Find my Delta Dental company

The national network of Delta Dental companies protects more smiles than any other insurance company. Have a question about coverage or looking for dental insurance? Connect with your Delta Dental company to learn more.

Go

*Not sure where your company is headquartered? Contact your company's human resources department.

Looking for a dentist?

Delta Dental has the largest network of dentists nationwide. Find the one that’s right for you.

To see the list of dentists under the Delta Dental Medicare Advantage network, please log in.

Find a dentist

Search by current location

Please input information for either ZIP code or address but not both

Cost matters

How much is it going to cost? Want to know before you set foot in the dentist’s office? Get started here. Our Dental Care Cost Estimator tool provides estimated cost ranges for common dental care needs.

Calculate cost
This zip code doesn't exist Please select a treatment type
The Dental Care Cost Estimator provides an estimate and does not guarantee the exact fees for dental procedures, what services your dental benefits plan will cover or your out-of-pocket costs. Estimates should not be construed as financial or medical advice. For more detailed information on your actual dental care costs, please consult your dentist or your Delta Dental.
Please sign in below
Create an account

Here are the benefits of creating an account

Member
  • View plan information
  • Download forms
  • View claims
  • Track dental activity
Dentist
  • Check patient eligibility
  • Download claim forms
  • Check national ERA
  • See dental offical deals

How to keep children from grinding their teeth

Regular teeth grinding or clenching, also known as bruxism, can begin as soon as a child’s teeth appear. It occurs more frequently in children, adolescents and young adults than in middle-aged and older adults — and is particularly common in toddlers and preschoolers.

Here’s how you can find out if your children are grinding or clenching their teeth and what steps to take next. 

Why children grind their teeth 

Teeth grinding usually takes place while sleeping, but children can also grind their teeth when awake. Although there is often no apparent cause for grinding or clenching, it can be associated with:

  • check-mark-green

    Pain from teething or an ear infection

  • check-mark-green

    Exposure to secondhand smoke

  • check-mark-green

    Misaligned teeth

  • check-mark-green

    Stress or anxiety

  • check-mark-green

    Medications for some conditions, including Attention Deficit Hyperactivity Disorder (ADHD) 

  • check-mark-green

    Nighttime breathing or sleep problems

  • check-mark-green

    Medical conditions such as autism, cerebral palsy, epilepsy and gastrointestinal reflux disease

In addition, teeth grinding occurs more frequently in families with a history of grinding or clenching.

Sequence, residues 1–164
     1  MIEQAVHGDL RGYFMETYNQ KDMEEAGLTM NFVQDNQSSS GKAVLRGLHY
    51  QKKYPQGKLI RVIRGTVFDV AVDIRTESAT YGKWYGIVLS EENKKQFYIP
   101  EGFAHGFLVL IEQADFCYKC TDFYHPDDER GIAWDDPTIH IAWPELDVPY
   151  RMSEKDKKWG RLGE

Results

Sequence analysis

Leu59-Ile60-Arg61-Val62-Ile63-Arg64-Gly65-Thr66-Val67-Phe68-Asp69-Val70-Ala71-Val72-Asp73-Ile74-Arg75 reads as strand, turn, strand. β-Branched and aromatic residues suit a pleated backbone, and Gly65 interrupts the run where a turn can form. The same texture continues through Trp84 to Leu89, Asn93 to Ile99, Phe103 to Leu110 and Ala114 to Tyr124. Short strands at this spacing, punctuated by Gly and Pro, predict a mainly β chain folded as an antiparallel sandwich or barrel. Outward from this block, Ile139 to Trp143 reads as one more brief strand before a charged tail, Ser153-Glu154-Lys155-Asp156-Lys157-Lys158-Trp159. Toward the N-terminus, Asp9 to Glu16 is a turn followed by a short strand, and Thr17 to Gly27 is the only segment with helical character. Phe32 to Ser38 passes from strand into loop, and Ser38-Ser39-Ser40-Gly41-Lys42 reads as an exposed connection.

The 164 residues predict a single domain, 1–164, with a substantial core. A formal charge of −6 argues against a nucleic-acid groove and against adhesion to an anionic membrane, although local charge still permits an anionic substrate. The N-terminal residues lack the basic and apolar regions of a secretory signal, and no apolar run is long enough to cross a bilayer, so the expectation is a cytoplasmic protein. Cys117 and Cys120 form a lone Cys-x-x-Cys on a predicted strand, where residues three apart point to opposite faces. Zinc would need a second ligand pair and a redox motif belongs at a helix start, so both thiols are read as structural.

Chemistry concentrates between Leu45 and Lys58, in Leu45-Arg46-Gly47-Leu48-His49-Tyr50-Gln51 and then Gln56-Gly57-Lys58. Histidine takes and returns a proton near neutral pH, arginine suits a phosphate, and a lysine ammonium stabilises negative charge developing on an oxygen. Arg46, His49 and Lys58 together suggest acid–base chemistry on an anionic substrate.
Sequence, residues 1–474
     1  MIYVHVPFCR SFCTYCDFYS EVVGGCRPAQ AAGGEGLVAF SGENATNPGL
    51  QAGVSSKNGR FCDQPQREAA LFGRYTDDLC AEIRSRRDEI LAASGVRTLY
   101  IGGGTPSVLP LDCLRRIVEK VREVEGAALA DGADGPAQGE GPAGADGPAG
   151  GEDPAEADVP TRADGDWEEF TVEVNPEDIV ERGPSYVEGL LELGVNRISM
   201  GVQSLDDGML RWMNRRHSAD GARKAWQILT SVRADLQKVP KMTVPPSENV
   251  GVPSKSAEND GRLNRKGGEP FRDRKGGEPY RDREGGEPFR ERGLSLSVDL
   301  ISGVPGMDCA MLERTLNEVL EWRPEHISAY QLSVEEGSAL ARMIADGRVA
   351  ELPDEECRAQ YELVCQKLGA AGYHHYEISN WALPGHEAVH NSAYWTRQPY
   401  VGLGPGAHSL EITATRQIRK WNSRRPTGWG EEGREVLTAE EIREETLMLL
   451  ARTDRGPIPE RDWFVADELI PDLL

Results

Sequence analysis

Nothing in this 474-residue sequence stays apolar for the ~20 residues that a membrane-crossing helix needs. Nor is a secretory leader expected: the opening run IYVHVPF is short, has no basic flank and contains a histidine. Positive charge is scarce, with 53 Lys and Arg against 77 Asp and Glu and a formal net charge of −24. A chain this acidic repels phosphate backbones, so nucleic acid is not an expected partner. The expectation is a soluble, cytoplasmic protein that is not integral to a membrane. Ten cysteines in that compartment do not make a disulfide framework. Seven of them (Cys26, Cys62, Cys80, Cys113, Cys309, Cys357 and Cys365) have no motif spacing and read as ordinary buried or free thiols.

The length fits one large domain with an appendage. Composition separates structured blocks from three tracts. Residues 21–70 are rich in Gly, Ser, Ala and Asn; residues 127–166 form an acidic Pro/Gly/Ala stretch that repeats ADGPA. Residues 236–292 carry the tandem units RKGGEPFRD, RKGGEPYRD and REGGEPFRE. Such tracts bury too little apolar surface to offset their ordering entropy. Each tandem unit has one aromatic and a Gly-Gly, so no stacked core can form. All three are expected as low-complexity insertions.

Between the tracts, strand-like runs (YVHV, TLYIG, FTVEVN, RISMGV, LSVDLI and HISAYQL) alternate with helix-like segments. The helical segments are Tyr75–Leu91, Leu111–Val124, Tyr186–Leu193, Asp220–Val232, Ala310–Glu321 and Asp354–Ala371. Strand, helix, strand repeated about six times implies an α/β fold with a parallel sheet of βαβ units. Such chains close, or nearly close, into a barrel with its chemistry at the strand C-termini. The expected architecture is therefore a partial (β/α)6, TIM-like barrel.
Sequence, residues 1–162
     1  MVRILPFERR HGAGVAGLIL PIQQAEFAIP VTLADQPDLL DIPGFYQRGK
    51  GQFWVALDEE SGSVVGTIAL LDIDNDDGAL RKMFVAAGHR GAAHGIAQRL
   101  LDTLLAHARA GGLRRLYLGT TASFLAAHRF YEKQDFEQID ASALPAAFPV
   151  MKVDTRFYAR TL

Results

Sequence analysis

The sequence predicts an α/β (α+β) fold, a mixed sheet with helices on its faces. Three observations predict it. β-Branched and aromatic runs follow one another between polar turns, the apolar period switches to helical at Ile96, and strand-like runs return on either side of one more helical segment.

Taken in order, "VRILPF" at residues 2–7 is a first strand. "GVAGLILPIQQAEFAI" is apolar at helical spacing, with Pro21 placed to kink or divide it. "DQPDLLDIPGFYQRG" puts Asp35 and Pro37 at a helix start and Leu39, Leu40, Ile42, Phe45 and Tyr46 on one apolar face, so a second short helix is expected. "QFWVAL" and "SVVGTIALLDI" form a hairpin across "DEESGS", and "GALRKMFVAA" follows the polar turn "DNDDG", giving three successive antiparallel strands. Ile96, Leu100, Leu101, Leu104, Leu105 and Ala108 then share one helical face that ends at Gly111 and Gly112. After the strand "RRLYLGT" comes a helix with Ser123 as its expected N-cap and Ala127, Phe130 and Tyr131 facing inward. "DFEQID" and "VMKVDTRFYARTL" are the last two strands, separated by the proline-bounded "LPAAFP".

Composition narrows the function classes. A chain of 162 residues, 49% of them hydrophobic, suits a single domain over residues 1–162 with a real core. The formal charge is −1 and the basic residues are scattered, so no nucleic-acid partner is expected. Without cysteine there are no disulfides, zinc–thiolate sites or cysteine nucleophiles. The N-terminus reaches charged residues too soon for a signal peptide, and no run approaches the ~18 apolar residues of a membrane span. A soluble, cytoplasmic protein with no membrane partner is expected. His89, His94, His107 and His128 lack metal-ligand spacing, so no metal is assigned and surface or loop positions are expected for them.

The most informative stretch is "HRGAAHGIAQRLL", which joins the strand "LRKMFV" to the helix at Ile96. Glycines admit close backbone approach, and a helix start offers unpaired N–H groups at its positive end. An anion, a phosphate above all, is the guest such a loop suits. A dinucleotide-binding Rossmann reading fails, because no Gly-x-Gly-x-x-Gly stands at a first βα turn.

How to tell if children are grinding their teeth

The most obvious sign of teeth grinding is a loud, grating, gnashing sound made while sleeping or awake. Children who grind or clench their teeth often wake up with a sore jaw or face, headaches and earaches. They may also experience pain while chewing.

Why teeth grinding can hurt children’s smiles 

In addition to causing pain, teeth grinding can chip teeth, wear down protective tooth enamel, make teeth more sensitive to hot or cold, lead to tooth decay and damage fillings.

Teeth grinding can also keep a child from getting a good night’s sleep, which can have negative effects on school performance. One study showed that preschoolers who experienced frequent teeth grinding were more likely to be withdrawn and have greater difficulties adjusting to preschool.1

What to do if you suspect teeth grinding

  • check-mark-green

    Visit your dentist to see if your child’s teeth are being damaged by grinding or clenching. If your child is an infant or toddler, your dentist will probably take a wait-and-see strategy. With an older child, depending on the situation, your dentist may recommend a custom night guard. Usually night guards are only used after permanent teeth have erupted and there is evidence they are being damaged (around age 7 or older).

  • check-mark-green

    Schedule an appointment with your child’s primary care medical provider if your dentist suspects a medical condition could be a contributing factor. 

  • check-mark-green

    Try to find the source of the problem if you think your child is experiencing stress or anxiety.

  • check-mark-green

    Make bedtime as relaxing as possible. Create a peaceful environment by reading a book, listening to relaxing music, having quiet time or encouraging your child to take a warm bath or shower.

     

Many children outgrow teeth grinding or clenching around the time their permanent teeth start to come in. However, you should not delay seeing your dentist if your child is experiencing teeth grinding at any age to make sure it isn’t causing any permanent damage. 

Go back to articles